“Abraham Lincoln, Vampire Hunter” by Seth Grahame-Smith

Abraham Lincoln: Vampire HunterMy rating: 3 of 5 stars
“Abraham Lincoln: Vampire Hunter” is one of those books that’s going to be sold by the cover and title alone.

The cover, featuring the visage of Honest Abe with a blood stains on his famous suit and a bloody axe in one hand is enough to make you take pause, open the cover and wonder what kind of absurdest joys lie within the books pages.

Seth Grahame-Smith, who found ways to skewer the works of Jane Austen by inserting zombies, has an interesting new way to skewer the biography–by inserting vampires. According to the introduction, Grahame-Smith is presented with a series of journals written by the sixteenth president that tell the real story of his life. Apparently, the history books missed that Abraham Lincoln was more than just a statesman, he was an avowed killer of the blood-sucking fiends known as vampires.

The book postulates that the reason so many of Abe’s close friends and family passed away under such mysterious circumstances was due to vampire attack. It’s an interesting premise and one that works fairly well in the early going as we see Abe swear to destroy every vampire in America after finding out his mother died due to a vampire attack, but the premise itself wears a bit thin by the second half of the novel. Grahame-Smith really stretches things when Lincoln discovers a link between vampires and slavery, leading to the reason that Lincoln decides that slavery must be eradicated. Some of the views of the Southern states in the later stages of the book are a bit too much and over the top with Grahame-Smith choosing to ignore certain things in order to go for the humorous effect.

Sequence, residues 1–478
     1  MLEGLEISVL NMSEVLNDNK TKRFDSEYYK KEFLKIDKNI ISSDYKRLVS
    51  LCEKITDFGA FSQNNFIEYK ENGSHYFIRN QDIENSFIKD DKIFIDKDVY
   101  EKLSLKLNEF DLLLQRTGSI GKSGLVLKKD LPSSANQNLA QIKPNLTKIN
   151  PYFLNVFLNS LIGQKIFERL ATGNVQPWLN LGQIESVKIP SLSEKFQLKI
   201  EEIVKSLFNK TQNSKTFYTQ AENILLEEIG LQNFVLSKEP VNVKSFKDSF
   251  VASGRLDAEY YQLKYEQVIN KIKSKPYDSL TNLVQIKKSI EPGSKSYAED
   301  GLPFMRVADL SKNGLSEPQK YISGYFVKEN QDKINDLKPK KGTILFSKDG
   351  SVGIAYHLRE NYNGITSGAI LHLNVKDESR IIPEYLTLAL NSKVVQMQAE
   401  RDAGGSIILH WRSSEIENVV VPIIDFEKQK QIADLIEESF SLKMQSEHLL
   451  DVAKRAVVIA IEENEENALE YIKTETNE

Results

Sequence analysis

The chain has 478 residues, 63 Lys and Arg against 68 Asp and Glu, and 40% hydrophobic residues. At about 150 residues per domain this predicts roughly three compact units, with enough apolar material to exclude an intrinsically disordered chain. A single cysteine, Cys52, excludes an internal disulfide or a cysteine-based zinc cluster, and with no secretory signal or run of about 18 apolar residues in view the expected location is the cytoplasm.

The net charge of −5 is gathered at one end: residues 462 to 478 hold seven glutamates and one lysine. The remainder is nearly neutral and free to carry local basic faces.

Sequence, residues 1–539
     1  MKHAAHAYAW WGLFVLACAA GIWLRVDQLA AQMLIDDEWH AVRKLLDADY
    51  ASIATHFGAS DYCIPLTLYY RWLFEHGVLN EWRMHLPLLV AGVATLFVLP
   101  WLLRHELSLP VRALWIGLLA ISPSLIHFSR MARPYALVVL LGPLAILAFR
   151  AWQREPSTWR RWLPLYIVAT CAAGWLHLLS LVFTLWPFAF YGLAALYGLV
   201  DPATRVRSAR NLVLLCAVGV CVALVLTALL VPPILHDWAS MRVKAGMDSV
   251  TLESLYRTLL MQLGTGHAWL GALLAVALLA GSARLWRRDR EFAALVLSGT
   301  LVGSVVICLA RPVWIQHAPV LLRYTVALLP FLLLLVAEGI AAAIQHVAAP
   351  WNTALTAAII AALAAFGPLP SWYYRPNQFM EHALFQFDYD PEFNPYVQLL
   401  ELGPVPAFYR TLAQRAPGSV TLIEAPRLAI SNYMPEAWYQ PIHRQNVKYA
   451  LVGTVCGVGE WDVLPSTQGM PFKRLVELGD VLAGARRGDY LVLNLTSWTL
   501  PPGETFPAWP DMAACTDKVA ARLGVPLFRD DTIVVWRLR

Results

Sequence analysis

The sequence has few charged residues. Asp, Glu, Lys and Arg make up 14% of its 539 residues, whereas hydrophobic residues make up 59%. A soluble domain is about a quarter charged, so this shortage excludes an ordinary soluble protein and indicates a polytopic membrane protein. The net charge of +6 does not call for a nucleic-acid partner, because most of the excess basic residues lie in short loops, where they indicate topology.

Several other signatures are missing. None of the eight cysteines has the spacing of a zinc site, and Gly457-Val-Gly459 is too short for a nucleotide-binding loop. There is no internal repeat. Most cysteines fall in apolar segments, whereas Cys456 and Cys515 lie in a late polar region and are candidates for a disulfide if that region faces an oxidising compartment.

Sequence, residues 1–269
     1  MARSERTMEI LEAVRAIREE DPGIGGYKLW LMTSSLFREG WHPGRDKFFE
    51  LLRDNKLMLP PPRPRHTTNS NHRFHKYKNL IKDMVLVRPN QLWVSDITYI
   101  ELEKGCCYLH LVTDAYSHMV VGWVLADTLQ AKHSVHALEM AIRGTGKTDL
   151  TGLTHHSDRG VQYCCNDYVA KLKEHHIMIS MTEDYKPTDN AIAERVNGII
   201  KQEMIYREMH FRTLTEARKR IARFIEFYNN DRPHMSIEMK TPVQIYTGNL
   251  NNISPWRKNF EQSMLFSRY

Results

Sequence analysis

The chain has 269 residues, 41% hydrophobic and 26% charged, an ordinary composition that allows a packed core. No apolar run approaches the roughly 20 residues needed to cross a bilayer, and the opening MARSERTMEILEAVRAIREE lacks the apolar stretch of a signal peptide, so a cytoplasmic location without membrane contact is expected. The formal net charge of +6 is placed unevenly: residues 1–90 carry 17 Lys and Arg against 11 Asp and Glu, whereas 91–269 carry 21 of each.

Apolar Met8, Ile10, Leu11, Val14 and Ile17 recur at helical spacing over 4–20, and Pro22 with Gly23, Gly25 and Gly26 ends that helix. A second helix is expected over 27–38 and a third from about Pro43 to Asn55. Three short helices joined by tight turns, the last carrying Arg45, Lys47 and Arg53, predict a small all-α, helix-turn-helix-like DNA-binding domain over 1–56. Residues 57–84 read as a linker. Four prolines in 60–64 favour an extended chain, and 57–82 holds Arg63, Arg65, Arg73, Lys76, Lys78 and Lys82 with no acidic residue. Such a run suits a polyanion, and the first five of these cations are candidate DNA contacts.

As a satire of biographies, the novel works fairly well, inserting reflections by Lincoln’s journals with prose created in the biographical style of Grahame-Smith. But while the concept is interesting, I couldn’t help but feel the premise became a bit SNL-skit-like the longer the pages kept turning–nice idea but probably a bit too drawn out and rapidly losing its wit the longer things went along.

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